This historic campus building is the oldest on the Cheyney campus and sat empty for over a decade until $1.25 million dollar renovation effort allowed for its grand re-opening in 2013. The building is named in honor of philanthropist Richard Humphreys who left money in his will to create an institute of higher learning African American adults and young adults in 1837. Thanks to Humphreys's vision and generosity, the institution that grew to become Cheyney University was training African Americans for a variety of careers while slavery was expanding throughout other parts of the nation. Known as the Institute for Colored Youth throughout the 19th century, the school changed its name in Cheyney Training School for Teachers in 1914 to reflect its emphasis on training educators. Cheyney became a state teachers college in 1951 and a university in 1983. Cheyney regarded as the first institution of higher learning for African Americans.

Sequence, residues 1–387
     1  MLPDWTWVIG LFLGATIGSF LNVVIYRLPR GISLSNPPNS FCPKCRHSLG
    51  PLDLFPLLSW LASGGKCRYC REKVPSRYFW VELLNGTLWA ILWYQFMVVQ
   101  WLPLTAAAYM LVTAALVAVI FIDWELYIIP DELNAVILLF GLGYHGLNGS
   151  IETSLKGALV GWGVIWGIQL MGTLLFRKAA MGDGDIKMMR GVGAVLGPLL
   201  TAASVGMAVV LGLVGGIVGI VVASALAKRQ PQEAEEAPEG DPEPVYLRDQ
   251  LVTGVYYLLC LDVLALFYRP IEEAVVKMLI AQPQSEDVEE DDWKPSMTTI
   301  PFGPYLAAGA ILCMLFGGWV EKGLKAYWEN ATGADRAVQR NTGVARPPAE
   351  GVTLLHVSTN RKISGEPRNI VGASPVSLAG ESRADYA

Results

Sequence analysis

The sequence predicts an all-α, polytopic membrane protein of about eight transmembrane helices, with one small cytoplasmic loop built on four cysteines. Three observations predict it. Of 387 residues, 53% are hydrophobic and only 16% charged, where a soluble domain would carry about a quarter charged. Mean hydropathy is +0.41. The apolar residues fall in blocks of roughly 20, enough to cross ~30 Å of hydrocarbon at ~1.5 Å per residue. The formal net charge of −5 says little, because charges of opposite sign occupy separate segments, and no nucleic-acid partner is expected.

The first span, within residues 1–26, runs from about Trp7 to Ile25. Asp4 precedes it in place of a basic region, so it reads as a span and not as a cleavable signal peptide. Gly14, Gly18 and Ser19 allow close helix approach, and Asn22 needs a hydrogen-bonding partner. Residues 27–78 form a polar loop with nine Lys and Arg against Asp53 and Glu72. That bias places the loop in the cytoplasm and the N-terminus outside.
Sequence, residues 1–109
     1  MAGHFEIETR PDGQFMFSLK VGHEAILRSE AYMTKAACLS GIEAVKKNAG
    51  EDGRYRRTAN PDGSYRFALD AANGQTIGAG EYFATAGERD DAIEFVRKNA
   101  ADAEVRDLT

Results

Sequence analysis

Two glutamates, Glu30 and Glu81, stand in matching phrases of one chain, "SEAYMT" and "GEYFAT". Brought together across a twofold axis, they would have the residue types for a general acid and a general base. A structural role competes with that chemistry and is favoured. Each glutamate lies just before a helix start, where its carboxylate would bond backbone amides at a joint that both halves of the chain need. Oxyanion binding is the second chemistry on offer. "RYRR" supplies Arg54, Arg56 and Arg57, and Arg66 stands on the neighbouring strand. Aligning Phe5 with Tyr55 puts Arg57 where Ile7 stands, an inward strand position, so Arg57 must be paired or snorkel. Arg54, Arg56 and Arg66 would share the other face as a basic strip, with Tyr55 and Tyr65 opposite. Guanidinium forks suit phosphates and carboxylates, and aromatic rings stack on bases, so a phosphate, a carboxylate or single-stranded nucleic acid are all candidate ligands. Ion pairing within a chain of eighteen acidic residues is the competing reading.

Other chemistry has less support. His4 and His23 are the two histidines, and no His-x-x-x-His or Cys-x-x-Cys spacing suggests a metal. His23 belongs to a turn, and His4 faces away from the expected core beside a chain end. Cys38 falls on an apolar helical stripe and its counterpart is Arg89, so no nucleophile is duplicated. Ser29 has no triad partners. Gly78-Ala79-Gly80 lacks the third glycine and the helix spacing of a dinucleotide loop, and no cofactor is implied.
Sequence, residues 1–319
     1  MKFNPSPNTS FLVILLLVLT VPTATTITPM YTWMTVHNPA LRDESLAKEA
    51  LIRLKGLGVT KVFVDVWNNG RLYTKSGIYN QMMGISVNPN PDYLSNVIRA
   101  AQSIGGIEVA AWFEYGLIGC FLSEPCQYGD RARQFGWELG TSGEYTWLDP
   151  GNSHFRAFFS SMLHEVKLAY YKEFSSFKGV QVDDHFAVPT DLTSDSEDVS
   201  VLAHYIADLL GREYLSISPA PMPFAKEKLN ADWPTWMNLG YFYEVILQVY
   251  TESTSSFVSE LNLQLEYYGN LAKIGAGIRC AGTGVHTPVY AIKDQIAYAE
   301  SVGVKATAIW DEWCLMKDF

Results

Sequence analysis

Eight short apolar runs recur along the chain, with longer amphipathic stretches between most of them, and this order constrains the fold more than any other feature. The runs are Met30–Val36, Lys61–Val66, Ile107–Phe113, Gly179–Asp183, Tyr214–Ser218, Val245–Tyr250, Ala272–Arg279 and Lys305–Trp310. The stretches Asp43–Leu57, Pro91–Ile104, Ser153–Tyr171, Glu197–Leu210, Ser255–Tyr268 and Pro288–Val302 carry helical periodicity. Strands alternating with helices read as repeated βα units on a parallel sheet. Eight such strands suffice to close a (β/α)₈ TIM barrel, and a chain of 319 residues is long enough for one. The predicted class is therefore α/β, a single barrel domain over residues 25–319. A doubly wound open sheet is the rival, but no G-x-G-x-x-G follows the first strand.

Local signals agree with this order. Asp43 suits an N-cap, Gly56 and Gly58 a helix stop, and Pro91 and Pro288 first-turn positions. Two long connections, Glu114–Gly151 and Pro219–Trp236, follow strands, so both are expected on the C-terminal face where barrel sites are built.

Richard Humphreys was a Quaker who arrived in Philadelphia sometime around 1765. Like many other Quakers, Humphreys was an abolitionist and became concerned about the plight of African Americans in cities such as Philadelphia. Today, Cheyney University is the oldest Historically Black university in the United States and a symbol of pride for many African American students, staff, and alumni.